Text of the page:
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Author ORCID Identifier


Open Access Dissertation

Document Type


Degree Name

Doctor of Philosophy (PhD)

Degree Program

Mechanical Engineering

Year Degree Awarded


Month Degree Awarded


First Advisor

Matthew Lackner

Subject Categories

Acoustics, Dynamics, and Controls | Computer-Aided Engineering and Design | Energy Systems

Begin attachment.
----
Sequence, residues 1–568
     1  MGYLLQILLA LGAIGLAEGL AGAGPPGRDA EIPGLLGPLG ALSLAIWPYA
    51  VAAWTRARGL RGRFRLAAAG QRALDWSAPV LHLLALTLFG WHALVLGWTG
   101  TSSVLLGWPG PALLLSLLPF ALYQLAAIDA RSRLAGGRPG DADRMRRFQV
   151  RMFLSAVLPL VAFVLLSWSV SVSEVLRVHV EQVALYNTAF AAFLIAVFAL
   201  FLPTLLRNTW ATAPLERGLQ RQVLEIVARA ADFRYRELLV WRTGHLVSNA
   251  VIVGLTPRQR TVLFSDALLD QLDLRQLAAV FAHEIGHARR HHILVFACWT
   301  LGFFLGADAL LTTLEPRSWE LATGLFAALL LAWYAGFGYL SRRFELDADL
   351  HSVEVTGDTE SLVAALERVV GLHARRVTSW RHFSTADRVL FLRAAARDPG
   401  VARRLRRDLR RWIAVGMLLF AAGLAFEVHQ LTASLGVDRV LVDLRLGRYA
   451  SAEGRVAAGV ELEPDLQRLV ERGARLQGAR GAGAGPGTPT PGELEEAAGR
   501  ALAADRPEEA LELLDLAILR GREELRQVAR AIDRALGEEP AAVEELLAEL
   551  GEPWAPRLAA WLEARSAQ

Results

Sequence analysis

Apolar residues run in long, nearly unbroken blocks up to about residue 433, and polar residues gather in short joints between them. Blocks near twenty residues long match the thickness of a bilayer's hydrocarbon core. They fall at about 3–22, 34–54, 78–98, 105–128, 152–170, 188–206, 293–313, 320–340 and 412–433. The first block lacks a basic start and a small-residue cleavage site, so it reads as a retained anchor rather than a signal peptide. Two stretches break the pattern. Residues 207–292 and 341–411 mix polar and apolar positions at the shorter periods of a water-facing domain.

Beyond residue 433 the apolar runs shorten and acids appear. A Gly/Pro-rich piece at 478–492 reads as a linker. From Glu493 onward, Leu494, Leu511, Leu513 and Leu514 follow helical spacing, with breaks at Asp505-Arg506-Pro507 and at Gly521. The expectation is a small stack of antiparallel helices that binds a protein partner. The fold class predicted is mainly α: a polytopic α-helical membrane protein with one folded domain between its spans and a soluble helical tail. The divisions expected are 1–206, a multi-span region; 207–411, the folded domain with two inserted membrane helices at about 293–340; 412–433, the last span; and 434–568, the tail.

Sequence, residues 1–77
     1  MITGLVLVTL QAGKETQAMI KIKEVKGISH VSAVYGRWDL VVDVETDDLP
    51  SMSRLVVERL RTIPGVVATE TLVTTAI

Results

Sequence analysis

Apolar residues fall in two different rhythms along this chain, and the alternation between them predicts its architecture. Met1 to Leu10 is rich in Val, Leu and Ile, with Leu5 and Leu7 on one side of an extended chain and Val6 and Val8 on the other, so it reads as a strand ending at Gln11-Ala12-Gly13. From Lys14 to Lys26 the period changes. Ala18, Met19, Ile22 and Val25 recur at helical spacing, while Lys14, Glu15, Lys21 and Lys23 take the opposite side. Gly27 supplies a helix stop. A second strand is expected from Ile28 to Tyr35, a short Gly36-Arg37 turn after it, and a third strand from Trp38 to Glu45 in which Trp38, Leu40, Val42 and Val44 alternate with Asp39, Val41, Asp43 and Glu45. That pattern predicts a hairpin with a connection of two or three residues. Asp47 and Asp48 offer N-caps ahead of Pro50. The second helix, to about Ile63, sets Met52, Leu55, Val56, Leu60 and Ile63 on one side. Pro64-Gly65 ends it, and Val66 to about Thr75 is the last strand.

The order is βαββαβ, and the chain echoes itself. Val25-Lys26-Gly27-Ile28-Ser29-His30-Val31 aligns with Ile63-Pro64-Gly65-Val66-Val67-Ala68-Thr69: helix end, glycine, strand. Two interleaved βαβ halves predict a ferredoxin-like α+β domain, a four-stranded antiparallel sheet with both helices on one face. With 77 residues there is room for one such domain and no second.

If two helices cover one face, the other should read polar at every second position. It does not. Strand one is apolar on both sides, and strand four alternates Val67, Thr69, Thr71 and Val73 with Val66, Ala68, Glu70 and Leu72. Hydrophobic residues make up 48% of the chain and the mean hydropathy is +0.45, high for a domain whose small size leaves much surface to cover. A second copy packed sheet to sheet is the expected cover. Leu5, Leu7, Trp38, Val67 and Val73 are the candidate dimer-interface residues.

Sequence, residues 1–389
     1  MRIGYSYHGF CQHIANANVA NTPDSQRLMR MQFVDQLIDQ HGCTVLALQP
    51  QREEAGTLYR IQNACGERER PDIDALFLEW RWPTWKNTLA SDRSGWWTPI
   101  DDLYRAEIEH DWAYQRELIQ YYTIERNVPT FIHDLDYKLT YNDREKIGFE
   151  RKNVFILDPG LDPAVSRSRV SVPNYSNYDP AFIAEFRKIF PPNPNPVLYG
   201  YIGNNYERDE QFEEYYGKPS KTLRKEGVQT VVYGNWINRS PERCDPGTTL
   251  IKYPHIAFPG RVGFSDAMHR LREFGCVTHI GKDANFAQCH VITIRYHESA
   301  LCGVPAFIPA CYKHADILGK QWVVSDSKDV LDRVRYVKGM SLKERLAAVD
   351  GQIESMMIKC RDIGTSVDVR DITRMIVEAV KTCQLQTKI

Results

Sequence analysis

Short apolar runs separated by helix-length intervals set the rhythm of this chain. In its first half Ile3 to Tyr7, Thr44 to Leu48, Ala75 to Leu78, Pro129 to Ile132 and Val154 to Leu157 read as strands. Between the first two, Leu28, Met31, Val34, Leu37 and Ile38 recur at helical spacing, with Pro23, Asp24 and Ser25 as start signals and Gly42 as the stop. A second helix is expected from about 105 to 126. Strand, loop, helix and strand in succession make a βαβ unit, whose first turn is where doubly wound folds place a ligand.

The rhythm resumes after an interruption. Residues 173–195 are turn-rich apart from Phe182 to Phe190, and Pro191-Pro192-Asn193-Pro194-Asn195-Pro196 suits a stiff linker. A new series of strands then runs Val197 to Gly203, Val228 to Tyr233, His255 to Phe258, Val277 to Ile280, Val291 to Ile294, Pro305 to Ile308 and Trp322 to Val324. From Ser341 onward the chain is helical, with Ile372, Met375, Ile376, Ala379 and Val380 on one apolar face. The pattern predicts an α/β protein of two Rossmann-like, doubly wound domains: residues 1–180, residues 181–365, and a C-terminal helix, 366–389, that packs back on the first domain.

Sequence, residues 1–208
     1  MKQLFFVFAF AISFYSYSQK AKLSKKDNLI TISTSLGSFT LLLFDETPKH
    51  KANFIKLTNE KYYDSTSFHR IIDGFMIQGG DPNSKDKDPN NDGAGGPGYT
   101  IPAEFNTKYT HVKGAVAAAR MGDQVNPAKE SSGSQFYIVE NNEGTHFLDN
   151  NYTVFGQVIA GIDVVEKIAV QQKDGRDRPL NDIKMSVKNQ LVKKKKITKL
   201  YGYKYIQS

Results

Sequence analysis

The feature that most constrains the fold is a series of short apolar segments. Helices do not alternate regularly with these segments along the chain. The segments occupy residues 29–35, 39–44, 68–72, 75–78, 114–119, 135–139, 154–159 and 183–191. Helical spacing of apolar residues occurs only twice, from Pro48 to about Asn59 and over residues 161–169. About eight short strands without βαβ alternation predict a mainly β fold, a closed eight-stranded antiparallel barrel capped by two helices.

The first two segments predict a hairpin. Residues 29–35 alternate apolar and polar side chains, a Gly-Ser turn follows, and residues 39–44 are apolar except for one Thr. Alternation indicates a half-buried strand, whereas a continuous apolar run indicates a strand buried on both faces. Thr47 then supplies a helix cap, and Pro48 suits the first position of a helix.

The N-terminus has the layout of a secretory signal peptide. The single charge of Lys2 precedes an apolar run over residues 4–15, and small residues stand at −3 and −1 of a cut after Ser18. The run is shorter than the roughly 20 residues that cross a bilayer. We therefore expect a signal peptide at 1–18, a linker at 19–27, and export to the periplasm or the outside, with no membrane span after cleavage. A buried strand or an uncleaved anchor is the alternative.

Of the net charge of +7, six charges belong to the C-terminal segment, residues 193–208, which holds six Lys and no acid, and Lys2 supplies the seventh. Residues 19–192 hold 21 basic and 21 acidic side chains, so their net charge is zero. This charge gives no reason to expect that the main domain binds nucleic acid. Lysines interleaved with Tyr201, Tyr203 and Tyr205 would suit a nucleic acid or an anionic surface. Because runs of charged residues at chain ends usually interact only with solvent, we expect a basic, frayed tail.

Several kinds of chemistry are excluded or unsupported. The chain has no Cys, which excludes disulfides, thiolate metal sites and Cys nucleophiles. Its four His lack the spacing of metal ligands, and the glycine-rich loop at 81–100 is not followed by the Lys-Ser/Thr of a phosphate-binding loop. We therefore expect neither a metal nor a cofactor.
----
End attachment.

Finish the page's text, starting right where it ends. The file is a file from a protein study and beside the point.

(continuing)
Offshore wind energy has the potential to generate substantial electricity production compared to onshore locations, due to the high-quality wind resource. Offshore wind turbines must endure severe offshore environmental conditions and be cost effective, in order to be sustainable. As a result, load mitigation becomes crucial in successfully enabling deployment of offshore wind turbines. A direct approach to reduce loads in offshore wind turbines is the application of structural control techniques. So far, the application of structural control techniques to offshore wind turbines has shown to be effective in reducing fatigue and extreme loads of turbine structures. However, the majority of previous research regarding the application of structural control to offshore wind turbine noted the needs for the high-fidelity analysis for structural control using a computer aided engineering (CAE) tool, such as FASTv8. In this dissertation, a structural control module coupled with FASTv8 is developed to meet the needs for high-fidelity analysis of structural control techniques for various OWTs. In addition, the developed control module is updated to analyze various structural control devices operating both passively and semi-actively. The dynamics of an omni-directional pendulum-type tuned mass damper and orthogonal tuned liquid column dampers (TLCDs) are mathematically modeled and incorporated into the structural control module. With the developed control module, several structural control devices are optimized through a variety of techniques (parametric study, exhaustive search and multi-objective optimization). Solving optimization problems not only provides the parameters for each control device that can be applicable to other multi-megawatts offshore wind turbines, but also provides insight into the effects of design variables on the control performance. Site-specific meteorological and oceanographic data that consists of a combination of wind and wave data are processed and compiled in order to establish key design load cases. With the optimal designs of structural control devices, non-linear fully-coupled time marching simulations are conducted by running a series of design load cases in order to investigate the impacts of passive and semi-active structural control on improving fatigue and extreme behaviors of fixed-bottom and floating offshore wind turbines. The simulation results demonstrate the effectiveness of various structural control techniques on reducing fatigue and extreme loadings.